may be overpaid Parenting Payment and will have to repay the money. You may also be charged with
a criminal offence if you deliberately failed to tell Centrelink of a change in your circumstances or
     Can I get Parenting Payment overseas?
Parenting Payment can be paid for up to 13 weeks if you are temporarily overseas. You must advise
Centrelink before you leave Australia.
     Can I get a Pension Concession Card?
You will get a Pensioner Concession Card if you:
      get Parenting Payment (Single); or
      get Parenting Payment (Partnered), and you were granted after 1 July 2006 and have been
       assessed as having a partial capacity to work; or
      are aged 60 or over and have been getting Newstart Allowance, Partner Allowance, Widow
       Allowance, Parenting Payment Partnered, Sickness Allowance or Special Benefit for a
       continuous period of at least 39 weeks.

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   What if Centrelink cancels my Parenting Payment?
If Centrelink thinks you are a member of a couple, and cancels your Parenting Payment or reduces the
rate to Parenting Payment (Partnered), and you disagree with this decision, appeal immediately (see
below for details). You can ask Centrelink to continue to pay your Parenting Payment until the appeal
is finalised. This is called “payment pending review”.
Contact your local Welfare Rights Centre/Advocate for legal advice if your payment is cancelled.
   Appeal rights
If you think a Centrelink decision is wrong you have the right to appeal against it. Appealing is easy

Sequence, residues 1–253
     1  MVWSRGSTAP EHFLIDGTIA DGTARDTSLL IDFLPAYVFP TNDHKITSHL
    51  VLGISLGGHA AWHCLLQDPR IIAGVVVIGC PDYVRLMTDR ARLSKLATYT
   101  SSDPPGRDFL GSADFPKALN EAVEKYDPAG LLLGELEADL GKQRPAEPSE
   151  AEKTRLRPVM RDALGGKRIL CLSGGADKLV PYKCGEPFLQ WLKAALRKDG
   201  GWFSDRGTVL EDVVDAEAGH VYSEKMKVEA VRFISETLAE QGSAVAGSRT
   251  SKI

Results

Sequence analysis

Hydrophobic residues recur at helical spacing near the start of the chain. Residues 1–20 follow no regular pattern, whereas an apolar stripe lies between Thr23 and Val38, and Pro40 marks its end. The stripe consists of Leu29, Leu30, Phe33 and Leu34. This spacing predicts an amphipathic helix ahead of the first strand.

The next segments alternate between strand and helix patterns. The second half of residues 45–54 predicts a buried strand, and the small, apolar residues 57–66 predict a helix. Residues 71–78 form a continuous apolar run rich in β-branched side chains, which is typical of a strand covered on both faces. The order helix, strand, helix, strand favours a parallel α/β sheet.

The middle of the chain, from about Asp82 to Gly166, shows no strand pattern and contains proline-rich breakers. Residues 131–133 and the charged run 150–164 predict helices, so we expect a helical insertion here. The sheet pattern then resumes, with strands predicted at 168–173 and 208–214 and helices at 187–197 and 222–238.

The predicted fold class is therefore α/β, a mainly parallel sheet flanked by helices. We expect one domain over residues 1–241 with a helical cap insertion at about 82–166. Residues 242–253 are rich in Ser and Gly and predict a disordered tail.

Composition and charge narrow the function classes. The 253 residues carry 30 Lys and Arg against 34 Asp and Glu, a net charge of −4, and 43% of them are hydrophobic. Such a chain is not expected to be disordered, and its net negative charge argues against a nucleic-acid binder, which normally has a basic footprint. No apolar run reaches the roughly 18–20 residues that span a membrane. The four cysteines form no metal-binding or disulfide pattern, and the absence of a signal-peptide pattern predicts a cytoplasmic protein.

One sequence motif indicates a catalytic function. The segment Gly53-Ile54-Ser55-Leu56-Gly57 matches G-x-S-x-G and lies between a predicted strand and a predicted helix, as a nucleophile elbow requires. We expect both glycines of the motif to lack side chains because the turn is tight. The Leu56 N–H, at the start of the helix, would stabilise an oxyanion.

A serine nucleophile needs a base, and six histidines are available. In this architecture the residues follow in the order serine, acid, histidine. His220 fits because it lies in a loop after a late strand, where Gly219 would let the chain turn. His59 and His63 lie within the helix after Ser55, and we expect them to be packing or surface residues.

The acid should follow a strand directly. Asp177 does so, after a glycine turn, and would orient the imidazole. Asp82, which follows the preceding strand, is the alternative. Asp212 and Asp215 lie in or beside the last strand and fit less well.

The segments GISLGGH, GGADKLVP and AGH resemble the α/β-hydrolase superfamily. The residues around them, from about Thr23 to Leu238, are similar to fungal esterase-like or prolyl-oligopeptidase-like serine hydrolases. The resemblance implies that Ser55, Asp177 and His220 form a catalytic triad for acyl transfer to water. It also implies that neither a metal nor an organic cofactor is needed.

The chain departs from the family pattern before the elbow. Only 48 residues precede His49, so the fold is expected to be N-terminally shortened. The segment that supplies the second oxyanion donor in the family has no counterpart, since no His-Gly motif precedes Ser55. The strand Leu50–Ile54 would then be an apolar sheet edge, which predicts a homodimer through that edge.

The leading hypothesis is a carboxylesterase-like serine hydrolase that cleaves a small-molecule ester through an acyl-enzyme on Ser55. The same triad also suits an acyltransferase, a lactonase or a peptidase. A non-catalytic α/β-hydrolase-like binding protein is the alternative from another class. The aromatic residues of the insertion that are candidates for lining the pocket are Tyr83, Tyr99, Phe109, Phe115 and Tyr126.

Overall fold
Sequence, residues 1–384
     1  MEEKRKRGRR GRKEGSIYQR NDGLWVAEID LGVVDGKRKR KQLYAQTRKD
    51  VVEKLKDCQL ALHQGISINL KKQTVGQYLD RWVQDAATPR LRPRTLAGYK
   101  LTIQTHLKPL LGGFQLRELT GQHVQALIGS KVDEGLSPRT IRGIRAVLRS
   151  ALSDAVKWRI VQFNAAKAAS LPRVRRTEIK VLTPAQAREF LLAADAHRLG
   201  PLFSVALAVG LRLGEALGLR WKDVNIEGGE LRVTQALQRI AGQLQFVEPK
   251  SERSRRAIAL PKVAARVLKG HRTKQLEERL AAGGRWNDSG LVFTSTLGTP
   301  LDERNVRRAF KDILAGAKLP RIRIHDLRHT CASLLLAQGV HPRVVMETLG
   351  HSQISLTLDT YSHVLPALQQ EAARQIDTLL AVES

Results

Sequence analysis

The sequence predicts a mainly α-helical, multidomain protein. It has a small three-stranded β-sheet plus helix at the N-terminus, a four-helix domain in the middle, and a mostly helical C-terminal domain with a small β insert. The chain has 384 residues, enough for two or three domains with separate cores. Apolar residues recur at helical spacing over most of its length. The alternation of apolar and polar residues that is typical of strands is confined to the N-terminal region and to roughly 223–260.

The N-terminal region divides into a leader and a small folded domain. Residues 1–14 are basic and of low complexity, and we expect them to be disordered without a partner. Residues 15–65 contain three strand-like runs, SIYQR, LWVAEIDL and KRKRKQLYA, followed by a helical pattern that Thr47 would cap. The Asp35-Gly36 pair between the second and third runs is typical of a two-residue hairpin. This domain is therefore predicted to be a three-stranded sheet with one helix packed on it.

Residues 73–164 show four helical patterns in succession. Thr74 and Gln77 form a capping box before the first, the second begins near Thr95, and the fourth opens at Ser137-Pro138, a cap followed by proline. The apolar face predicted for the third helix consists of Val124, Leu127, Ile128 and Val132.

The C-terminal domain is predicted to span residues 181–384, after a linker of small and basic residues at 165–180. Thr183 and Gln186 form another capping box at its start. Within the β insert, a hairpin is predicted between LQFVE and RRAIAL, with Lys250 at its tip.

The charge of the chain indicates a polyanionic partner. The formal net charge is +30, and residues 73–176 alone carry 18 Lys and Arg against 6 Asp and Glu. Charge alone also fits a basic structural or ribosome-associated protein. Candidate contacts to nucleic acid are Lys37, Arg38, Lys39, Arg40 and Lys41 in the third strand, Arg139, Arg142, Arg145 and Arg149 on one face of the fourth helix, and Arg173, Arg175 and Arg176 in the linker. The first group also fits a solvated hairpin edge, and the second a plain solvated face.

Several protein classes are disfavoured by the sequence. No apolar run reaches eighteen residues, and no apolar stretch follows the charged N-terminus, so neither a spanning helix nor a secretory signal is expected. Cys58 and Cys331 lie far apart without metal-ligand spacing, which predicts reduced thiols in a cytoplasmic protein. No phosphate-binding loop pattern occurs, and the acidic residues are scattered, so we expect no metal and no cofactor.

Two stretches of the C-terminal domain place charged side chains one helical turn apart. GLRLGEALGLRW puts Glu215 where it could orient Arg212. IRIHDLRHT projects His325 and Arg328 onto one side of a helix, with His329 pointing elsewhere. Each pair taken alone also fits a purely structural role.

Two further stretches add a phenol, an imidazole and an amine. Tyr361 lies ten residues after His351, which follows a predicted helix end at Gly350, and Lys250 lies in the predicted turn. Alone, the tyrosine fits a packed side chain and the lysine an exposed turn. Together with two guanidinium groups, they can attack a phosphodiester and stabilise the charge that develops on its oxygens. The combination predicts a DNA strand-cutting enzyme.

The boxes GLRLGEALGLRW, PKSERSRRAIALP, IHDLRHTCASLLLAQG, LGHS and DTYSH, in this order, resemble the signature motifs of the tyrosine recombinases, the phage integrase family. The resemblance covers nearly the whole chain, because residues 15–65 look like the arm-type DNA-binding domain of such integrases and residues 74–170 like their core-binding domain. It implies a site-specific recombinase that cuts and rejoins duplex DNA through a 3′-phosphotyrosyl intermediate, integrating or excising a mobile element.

and free. To appeal simply tell Centrelink that you are not happy with its decision and that you
would like to appeal to an Authorised Review Officer (ARO). It is best to lodge an appeal in writing
and you should keep a copy of your appeal letter. However, you can lodge an appeal over the
The ARO is a senior officer in Centrelink who has the power to change the original decision. Many
people are successful at this level.
You can appeal to an ARO at any time. However, to receive back pay from the date you were
affected by the original decision, you must appeal to an ARO within 13 weeks of receiving written
notice of the original decision. If you appeal more than 13 weeks after receiving the notice and you
are successful, you will only receive back pay from the date you appealed.
If you think the ARO decision is wrong you can appeal to the Social Security Appeals Tribunal
(SSAT). The SSAT is independent of Centrelink.
You have further appeal rights to the Administrative Appeals Tribunal and the Federal Court. Time
limits apply.
For more information on appealing see the factsheet “Appeals – how to appeal against a Centrelink
decision” and the guide “Appealing to the Social Security Appeals Tribunal".
   Interpreters
If you think you need an interpreter, or if you feel more confident with an interpreter, you should use
one of the three free available interpreter services.
   Most Centrelink offices have interpreters available at regular times each week. Your local
    Centrelink office can tell you about their available languages and times.
   You can telephone the Centrelink Multilingual Call Centre on 131 202 and speak to a bilingual
    Centrelink officer.
   You can also call the free Telephone Interpreter Service (TIS) on 131 450 and ask for an

Please note: This factsheet contains general information only. It does not constitute legal advice.

If you need legal advice please contact your local Welfare Rights Centre/Advocate.
Welfare Rights Centres are community legal centres, which specialise in Social Security law,
administration and policy. They are independent of Centrelink. All assistance is free.
This factsheet was updated in October 2010.